Business Plan Borrowing Over Collateral Loans

Have you walked into a bank and failed to secure a loan for lack of sufficient collateral? This is common when one is looking for funding to start or scale their business. But why does the conventional banking regime insist on loan collateral? Every commercial bank has a committee of credit approvers who analyze the risks involved in advancing credit to applicants. This committee is commonly referred to as BCC in Kenya’s banking boardrooms. It relies on an applicant’s credit rating from a credible credit reference bureau, turnovers in sales as indicated in bank statements and the amount of collateral provided by the borrower to secure the loan. This criterion limits many entrepreneurs from accessing seed and growth capital for insufficiency of collateral in assets like land, buildings, vehicles and stock.

A paradigm shift is now happening where ambitious entrepreneurs, large established businesses and strong institutions are banking on the strength of their strategies to convince lenders to fund their growth. This concept was first embraced by fund management companies before a handful of commercial banks adopted similar credit approval policies for business borrowing. So what exactly is business plan borrowing? The question can best be answered by explaining the concept of partnerships in business. Partners join efforts to complement each other. One may offer their professional practice while the other may help with marketing, funding or technology expertise. Anytime you involve a partner in your business, it becomes necessary that you document your vision and ways of attaining that vision. This provides harmony between partners and helps to test the scalability, sustainability and profitability of the business in the future. When borrowing from a fund management company, a business plan unites the entrepreneur’s vision with that of their lending partners.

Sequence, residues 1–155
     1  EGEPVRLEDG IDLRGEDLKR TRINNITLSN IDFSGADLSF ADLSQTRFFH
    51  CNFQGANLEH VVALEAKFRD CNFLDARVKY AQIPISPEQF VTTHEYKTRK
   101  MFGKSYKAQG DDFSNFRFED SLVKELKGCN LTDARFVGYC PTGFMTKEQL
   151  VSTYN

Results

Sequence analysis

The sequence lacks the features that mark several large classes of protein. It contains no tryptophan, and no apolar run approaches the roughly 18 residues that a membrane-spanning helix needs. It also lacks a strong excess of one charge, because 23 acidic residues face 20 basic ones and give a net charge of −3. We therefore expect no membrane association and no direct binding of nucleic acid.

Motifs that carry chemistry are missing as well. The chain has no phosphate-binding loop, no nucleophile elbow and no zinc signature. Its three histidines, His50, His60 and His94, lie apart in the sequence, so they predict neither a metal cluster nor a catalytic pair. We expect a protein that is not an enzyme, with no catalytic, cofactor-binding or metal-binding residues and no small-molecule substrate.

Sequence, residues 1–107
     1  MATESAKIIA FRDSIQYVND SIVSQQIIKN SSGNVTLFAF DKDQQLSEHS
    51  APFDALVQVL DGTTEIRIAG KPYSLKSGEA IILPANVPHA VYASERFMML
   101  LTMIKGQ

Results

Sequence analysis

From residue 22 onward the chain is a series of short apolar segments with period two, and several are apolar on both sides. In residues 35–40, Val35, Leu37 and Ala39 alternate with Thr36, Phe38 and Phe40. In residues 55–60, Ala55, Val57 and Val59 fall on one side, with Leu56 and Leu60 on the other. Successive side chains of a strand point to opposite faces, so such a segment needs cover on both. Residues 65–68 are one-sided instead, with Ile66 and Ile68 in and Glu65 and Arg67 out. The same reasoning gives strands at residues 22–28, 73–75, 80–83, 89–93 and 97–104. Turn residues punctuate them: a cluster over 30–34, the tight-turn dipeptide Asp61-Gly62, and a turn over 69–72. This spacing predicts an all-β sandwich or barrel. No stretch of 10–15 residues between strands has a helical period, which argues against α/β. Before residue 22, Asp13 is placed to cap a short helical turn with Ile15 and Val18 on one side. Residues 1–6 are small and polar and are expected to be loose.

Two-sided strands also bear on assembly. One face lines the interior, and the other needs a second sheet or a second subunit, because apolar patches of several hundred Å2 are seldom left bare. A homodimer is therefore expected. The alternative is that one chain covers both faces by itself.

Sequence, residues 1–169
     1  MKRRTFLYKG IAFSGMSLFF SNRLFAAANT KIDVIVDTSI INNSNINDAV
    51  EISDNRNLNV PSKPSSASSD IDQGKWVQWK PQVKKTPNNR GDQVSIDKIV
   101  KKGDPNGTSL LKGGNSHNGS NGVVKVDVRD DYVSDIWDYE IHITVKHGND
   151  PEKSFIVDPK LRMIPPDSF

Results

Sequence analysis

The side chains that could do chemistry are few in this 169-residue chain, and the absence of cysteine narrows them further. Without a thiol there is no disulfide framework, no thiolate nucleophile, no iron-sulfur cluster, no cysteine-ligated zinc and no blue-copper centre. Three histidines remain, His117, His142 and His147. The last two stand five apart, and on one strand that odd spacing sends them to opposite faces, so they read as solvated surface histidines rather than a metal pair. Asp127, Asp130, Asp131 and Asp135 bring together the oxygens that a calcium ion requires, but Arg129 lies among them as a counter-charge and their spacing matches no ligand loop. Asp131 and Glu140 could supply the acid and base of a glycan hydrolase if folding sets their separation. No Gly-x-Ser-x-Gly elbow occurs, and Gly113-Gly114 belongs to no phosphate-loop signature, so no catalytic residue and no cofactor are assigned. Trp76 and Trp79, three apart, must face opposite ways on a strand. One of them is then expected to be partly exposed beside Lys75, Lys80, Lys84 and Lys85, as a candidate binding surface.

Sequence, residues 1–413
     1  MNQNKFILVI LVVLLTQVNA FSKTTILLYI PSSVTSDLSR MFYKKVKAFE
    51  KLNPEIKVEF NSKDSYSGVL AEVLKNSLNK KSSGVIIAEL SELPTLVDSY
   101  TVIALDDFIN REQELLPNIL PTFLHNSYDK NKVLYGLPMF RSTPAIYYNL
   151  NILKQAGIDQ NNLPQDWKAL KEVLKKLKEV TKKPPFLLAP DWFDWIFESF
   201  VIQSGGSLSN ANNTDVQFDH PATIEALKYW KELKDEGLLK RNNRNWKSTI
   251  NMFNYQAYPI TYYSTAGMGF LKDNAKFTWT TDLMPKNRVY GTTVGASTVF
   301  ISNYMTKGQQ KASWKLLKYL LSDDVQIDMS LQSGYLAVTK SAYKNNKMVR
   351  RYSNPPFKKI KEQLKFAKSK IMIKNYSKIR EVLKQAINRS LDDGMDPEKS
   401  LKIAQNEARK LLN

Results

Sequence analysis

Fund management companies will be comfortable lending to establish entrepreneurs whose financial requirement is significant or at least USD 100 million and return on investment projected to be at a higher rate than the interest rate. Business Plan loans are however classified as risky loans thus attracting higher interest rates in the range of 14% to 19% while collateral–based borrowing in Kenya attracts an average inveterate rate of 13% across top–tier commercial banks. It is therefore advisable to partially secure your business plan loan where possible in order to negotiate for lower interest rates. Business Plan loans also work best for thriving sectors where cash flows can accurately be forecasted.

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